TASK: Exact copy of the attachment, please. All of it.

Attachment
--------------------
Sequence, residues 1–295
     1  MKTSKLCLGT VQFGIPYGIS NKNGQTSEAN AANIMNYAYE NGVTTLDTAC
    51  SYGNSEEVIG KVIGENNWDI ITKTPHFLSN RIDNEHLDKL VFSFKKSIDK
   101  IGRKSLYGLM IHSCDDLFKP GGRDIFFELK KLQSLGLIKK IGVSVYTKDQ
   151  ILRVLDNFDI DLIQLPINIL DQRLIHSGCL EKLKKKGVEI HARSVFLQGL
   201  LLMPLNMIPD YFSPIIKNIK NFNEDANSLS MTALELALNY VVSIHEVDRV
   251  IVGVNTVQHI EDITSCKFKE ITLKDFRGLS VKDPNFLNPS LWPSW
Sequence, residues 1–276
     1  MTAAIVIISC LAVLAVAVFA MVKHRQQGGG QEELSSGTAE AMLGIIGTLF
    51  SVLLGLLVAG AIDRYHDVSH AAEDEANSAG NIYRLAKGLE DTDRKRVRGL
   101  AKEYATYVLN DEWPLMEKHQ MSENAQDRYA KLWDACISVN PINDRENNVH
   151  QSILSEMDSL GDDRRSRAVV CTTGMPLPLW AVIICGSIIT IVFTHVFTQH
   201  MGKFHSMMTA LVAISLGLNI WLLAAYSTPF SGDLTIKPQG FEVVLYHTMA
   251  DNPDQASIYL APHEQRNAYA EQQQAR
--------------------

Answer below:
Sequence, residues 1–295
     1  MKTSKLCLGT VQFGIPYGIS NKNGQTSEAN AANIMNYAYE NGVTTLDTAC
    51  SYGNSEEVIG KVIGENNWDI ITKTPHFLSN RIDNEHLDKL VFSFKKSIDK
   101  IGRKSLYGLM IHSCDDLFKP GGRDIFFELK KLQSLGLIKK IGVSVYTKDQ
   151  ILRVLDNFDI DLIQLPINIL DQRLIHSGCL EKLKKKGVEI HARSVFLQGL
   201  LLMPLNMIPD YFSPIIKNIK NFNEDANSLS MTALELALNY VVSIHEVDRV
   251  IVGVNTVQHI EDITSCKFKE ITLKDFRGLS VKDPNFLNPS LWPSW
Sequence, residues 1–276
     1  MTAAIVIISC LAVLAVAVFA MVKHRQQGGG QEELSSGTAE AMLGIIGTLF
    51  SVLLGLLVAG AIDRYHDVSH AAEDEANSAG NIYRLAKGLE DTDRKRVRGL
   101  AKEYATYVLN DEWPLMEKHQ MSENAQDRYA KLWDACISVN PINDRENNVH
   151  QSILSEMDSL GDDRRSRAVV CTTGMPLPLW AVIICGSIIT IVFTHVFTQH
   201  MGKFHSMMTA LVAISLGLNI WLLAAYSTPF SGDLTIKPQG FEVVLYHTMA
   251  DNPDQASIYL APHEQRNAYA EQQQAR